Southern & Jewish
Southern & Jewish celebrates the stories, people, and experiences – past and present – of Jewish life in the American South. Hosted by the Goldring/Woldenberg Institute of Southern Jewish Life, posts come from educators, students, rabbis, parents, artists, and many other “visitors-to and daily-livers-of” the Southern Jewish experience. From road trips to recipes to reflections, we’ll explore a little bit of everything – well, at least all things Southern and/or Jewish. Shalom, y’all!
As a traveling Jewish educator, I’m often on the road over the weekend. This past Saturday, I was on a community visit. I was looking up a local coffee place when my phone flashed a news alert: “Active Shooter in Pittsburgh Synagogue.” Immediately my heart sank and my mind began racing.
Do I know anyone in Pittsburgh right now?
Who would do something like this?
Am I safe?
Before I could fully process the gravity of what was happening, I came to a realization that I would be in a congregation that very night, marking the end of Shabbat by leading a Havdalah service. I was a guest in this community and I had been asked to prepare a service and I had agreed enthusiastically. I had prepared my script and practiced my prayers for tonight, but nothing could have prepared me for this new circumstance.
I knew I would have to address the day’s tragic news. To not address it would be a betrayal; a disservice to our brothers and sisters we had lost so suddenly and horrifically. However, I also ran the risk of upsetting some of the younger participants in the service.
I had no idea what to do. I am an ISJL Education Fellow, and my job is to be a Jewish education resource for our partner communities all across the South. My job means working alongside other Jewish professionals. It means spending lots of time in Jewish spaces. But I’m not a rabbi, and I didn’t feel equipped to be talking to anyone about this when I could hardly process it myself.
Then I reminded myself – in the community that weekend, I wouldn’t be alone. There would be a rabbi there. There would be other teachers and parents and congregants there. We would all be together. And in the meantime, I could prepare myself by looking to other resources I trusted. I read articles, I watched clips from Mr. Rogers, I looked at every resource on how to address such heavy topics with young children.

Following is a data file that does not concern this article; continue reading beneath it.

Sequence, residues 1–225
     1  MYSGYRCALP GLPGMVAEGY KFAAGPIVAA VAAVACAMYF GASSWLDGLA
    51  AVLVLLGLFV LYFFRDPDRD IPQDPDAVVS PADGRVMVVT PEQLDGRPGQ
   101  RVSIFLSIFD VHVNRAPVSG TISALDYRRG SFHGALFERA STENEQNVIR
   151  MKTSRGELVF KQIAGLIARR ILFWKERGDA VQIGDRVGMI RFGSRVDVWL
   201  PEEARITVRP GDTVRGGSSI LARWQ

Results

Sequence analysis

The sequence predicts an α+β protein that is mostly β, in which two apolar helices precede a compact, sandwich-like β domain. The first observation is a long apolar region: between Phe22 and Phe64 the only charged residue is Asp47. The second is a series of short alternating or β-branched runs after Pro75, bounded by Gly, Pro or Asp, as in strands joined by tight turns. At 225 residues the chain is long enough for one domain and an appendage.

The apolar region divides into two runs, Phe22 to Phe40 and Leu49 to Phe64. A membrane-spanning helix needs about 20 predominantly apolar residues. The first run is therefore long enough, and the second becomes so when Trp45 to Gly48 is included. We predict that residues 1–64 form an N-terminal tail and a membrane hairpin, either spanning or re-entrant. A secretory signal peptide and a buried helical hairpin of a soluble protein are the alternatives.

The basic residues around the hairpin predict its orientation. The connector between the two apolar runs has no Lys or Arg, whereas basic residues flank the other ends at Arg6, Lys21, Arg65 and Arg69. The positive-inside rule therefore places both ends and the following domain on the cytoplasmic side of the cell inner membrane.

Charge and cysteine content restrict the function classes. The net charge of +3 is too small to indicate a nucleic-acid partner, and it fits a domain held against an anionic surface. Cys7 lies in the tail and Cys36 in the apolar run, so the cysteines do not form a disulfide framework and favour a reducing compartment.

When it came time for the Havdalah service, I talked about the meaning of Havdalah; the separation of Shabbat from the rest of the week. Before we said the prayers and extinguished the Havdalah candle, I expressed that we should let this Havdalah not only serve as a separation from Shabbat, but as a separation from hate, fear, and violence. After a brief moment of silence, we proceeded with the service.
I wanted to tread carefully with the Havdalah service and keep up an air of subtlety, but there was nothing subtle about what I was greeted with the next morning when I got to the congregation to set up my program. I was greeted by three squad cars from the local police department, a table full of flyers and printed statements from Jewish organizations, and several members of the local church that had come to offer their support.
As students began filing in, I tried to be a calming presence, not drawing too much attention to the horrible events of yesterday while also giving the event the due respect it deserved. Pushing through my own grief, I taught and led students in a game to deepen their connection to Judaism. I was emotionally and physically exhausted when I completed my tasks; it was with a sigh of relief that I stepped aside and let the rabbi take over.
In true rabbinical fashion, he asked us a question: “What is ‘peace’?”
Students’ answers ranged from “silence” to “an absence of fighting.” After everyone had spoken, the rabbi asked us to link arms, and sing a prayer for peace. I linked arms with the woman next to me and sang. As I looked out over the packed room of students, teachers, and parents linking arms, some smiling, some crying, it felt like the great weight that I was carrying since I first saw the alert on my phone was lifted. As the prayer for peace echoed throughout the building, I knew for sure that our kehiliah kedosha (holy community) was stronger than any act of terrorism or violence.
In that moment, the terrorist who had committed horrible acts against us had lost; I felt stronger and more brave than ever surrounded by my Jewish brothers and sisters. As I headed home, I wore my kippah (yarmulke) proudly, not wanting to hide my Jewish identity from anyone.
May such terrible tragedies end, not only for our own community but for every group targeted and attacked by hatred. May we all support each other. May we be the answer to “what is peace.”